17.12.2023 change 17.12.2023

'Artificial bone' made of granules. Will it also be bactericidal?

Photo from press release Photo from press release

Scientists from the AGH University have been working for years on materials which could replace bones and help in bone regeneration. They are now trying to force granular bone substitute materials to fight bacteria.

A bone defect or loss may occur as a result of an accident or a surgical intervention, for example due to a malignant disease. Unfortunately, the loss is not always able to regenerate on its own.

The Bioceramics Team at the Faculty of Materials Science and Ceramics at the AGH UST has been conducting research on innovative materials used for filling bone defects. Some of the developed biomaterials are currently being applied in medicine with great success. For example, FlexiOss, a bone replacement biomaterial developed in cooperation with the Medical University of Lublin, colloquially called 'the artificial bone', is largely based on microporous hydroxyapatite granules patented by the AGH UST Bioceramics Team. University representatives announce this research in a press release sent to PAP.

Meanwhile, Dr. Joanna Czechowska from the Bioceramics Team at the AGH UST has been recently awarded a grant by the Polish National Science Centre from the for developing a hybrid material in the form of granules with antibacterial properties (2023/07/X/ST11/00705).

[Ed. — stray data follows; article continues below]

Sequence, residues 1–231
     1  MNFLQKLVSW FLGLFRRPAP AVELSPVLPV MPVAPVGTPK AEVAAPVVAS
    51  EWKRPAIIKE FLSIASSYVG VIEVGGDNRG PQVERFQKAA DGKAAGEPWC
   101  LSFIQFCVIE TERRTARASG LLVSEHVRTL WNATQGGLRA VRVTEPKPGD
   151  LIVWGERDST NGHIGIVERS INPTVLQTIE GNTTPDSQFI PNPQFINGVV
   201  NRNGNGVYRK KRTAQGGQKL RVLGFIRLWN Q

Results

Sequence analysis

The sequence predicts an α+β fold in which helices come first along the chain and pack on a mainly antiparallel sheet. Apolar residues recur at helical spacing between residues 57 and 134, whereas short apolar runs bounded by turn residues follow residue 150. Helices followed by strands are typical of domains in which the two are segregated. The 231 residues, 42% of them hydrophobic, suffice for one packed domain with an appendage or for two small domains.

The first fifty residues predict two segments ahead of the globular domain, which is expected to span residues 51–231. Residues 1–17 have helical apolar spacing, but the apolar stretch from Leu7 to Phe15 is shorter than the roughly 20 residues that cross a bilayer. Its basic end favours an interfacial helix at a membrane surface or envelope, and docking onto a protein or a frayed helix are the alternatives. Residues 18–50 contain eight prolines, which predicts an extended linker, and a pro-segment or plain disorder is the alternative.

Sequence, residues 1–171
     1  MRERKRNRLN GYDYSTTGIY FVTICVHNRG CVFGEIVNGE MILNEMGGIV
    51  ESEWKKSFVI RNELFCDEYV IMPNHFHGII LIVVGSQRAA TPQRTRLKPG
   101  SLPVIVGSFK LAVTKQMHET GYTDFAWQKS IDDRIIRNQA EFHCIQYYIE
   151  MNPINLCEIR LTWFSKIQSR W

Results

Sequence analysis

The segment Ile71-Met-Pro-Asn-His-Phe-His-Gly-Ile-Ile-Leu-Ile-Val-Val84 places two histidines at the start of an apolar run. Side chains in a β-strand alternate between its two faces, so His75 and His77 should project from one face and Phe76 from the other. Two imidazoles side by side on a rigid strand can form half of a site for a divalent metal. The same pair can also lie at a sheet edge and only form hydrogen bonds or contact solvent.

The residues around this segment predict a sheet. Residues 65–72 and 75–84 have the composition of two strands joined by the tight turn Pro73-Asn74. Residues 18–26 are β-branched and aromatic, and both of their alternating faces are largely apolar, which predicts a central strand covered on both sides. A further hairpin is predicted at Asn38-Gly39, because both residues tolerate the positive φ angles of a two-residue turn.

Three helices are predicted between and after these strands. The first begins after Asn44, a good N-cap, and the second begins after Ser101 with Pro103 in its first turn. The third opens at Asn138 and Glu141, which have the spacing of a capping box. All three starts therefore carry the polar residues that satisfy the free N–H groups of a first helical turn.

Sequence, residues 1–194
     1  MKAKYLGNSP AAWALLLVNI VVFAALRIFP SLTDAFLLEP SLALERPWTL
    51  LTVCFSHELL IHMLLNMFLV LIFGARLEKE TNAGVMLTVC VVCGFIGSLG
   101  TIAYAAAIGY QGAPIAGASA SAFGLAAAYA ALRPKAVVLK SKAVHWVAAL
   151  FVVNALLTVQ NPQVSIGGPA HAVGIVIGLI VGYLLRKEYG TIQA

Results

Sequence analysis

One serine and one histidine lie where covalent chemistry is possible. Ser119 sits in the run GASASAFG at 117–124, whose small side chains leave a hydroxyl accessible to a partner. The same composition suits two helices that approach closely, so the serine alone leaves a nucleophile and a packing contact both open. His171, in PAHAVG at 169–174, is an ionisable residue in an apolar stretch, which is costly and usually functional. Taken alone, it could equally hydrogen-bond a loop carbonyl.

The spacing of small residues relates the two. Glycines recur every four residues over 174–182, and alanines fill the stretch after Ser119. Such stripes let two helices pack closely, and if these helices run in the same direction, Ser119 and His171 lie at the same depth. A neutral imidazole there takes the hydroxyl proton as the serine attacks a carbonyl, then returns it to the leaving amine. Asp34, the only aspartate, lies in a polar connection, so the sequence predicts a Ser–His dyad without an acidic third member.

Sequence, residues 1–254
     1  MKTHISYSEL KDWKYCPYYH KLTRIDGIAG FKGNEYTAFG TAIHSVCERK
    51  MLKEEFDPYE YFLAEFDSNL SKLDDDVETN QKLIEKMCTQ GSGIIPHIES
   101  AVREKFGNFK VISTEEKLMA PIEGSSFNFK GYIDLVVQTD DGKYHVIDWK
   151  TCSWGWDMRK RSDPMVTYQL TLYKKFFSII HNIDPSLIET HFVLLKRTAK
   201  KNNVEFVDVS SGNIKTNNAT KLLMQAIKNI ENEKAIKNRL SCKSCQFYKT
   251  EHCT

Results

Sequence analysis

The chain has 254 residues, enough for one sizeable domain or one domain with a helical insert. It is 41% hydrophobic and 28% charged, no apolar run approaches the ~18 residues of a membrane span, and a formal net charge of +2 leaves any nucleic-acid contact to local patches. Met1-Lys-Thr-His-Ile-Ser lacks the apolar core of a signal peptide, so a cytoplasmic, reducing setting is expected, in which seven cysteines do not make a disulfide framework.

According to the AGH UST release, obtaining biomaterials in the form of granules is challenging and time-consuming. However, it has been proven that if methylcellulose is used instead of chitosan, the material will take the form of granules by itself.

The sizes of the granules in question vary from 0.1 millimetre to 1 millimetre. After applying the granules onto the bone defect, they will constitute a scaffold for the rebuilding tissue.

In the future, the hybrid granules may be used as carriers of drugs and biologically active substances in targeted therapies. Drugs and biologically active substances placed in hybrid granules could be released only at the site of implantation - and this would make it possible to avoid their whole body action, which often leads to side effects.

Another way of using granules is as components of bone replacement materials. Since bone defects almost always have irregular shapes, especially those resulting from accidents, easily formed materials that adapt to the shape of the defect and precisely fill the space are particularly suitable for their rebuilding.

'I will obtain granules based on methylcellulose and hydroxyapatite modified with chitosan and copped,’ says Dr Czechowska. 'I predict that, theoretically, methylcellulose and hydroxyapatite will form hybrid systems, however, it will be essential to establish in what terms the addition of chitosan will influence material's self-organisation process, as a polyelectrolyte complex may be formed.’

PAP - Science in Poland

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